Firstly, while past and current investment has delivered major clinical and genomic datasets in the UK (such as Biobank UK and the 100,000 Genomes Project), achieving maximum value from these will demand an infrastructure of federated connections in order to enable seamless analysis. Such data linkage must be subject to access and privacy controls, but the UK must seize the moment to realise its combined health and genomic data potential.
Then, while sequencing will remain important for monitoring Covid-19 variants, including those of concern, it could also bring benefits in dealing with other health challenges, including seasonal influenza and antimicrobial resistance. The report proposes that, by building a national and global network for pathogen surveillance, it will be possible to detect nationally and globally emerging infection threats and act to reduce the impact of these on human health.
Now is also the time for health policy to encourage the emergence of an ecosystem that identifies research insights into disease prevention and management, and links major datasets, making them quickly available to citizens through a national genomic research library.
Genomics also has a role to play in treating cancer, which will affect one in two people during their lifetimes. Cancer is a disease of disordered tumour genomes and can be triggered by inherited predisposition to malignancy or by lifestyles. There is growing evidence that genomic data might help tailor patient care, and that new data and new technology will deliver particular benefits. This will be a step towards the ambition stated in the NHS Long Term Plan to dramatically improve cancer survival, partly by improving the proportion of cancers diagnosed early.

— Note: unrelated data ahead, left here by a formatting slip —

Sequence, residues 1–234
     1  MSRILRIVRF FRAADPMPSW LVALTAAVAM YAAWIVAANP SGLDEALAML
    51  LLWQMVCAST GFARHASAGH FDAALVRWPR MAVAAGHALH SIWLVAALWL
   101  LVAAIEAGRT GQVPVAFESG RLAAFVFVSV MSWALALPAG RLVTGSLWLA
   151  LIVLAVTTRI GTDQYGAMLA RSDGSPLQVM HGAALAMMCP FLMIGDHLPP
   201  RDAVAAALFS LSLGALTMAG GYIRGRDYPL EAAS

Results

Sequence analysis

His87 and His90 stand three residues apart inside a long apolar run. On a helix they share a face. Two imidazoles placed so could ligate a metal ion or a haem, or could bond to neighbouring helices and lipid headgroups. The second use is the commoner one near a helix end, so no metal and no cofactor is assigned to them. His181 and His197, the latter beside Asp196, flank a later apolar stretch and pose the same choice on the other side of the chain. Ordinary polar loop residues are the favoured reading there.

Research communities unite
With a colossal data resource now becoming available, the time is ripe for a significant initiative to bring together the UK research communities from academia, clinical practice and industry. The UK has significant skill sets, infrastructure and tools in the three communities, and the report recommends that these should be drawn together to accelerate the translation of genomic knowledge into therapies for patients.
To ensure public and patient perspectives remain at the heart of progress and developments in the field, and in recognition of the enormous expansion of genomic testing as a result of the pandemic, the report suggests that a national framework should enable patients’ experiences to be shared and that their voices should be heard in new genomic developments.
Collaboration at the transnational and the binational level will also be vital, both for giving the UK access to more diverse data sets and to ensure it participates fully in the emergence of new global standards.
From Crick and Watson onwards, the UK has occupied a leading position in genomic healthcare. There remains a long way to go in terms of discovery, translation, industrialisation and adoption to put in place a world-leading genomics ecosystem. But the government has a tremendous opportunity to draw together what this country has within it, and maximise the value of genomics for the health and wealth of the whole of humanity. It’s time to harness it.
Mark Caulfield is the former chief scientist of Genomics England and now chief executive of Barts Life Sciences. John Chisholm is the former chairman of the Medical Research Council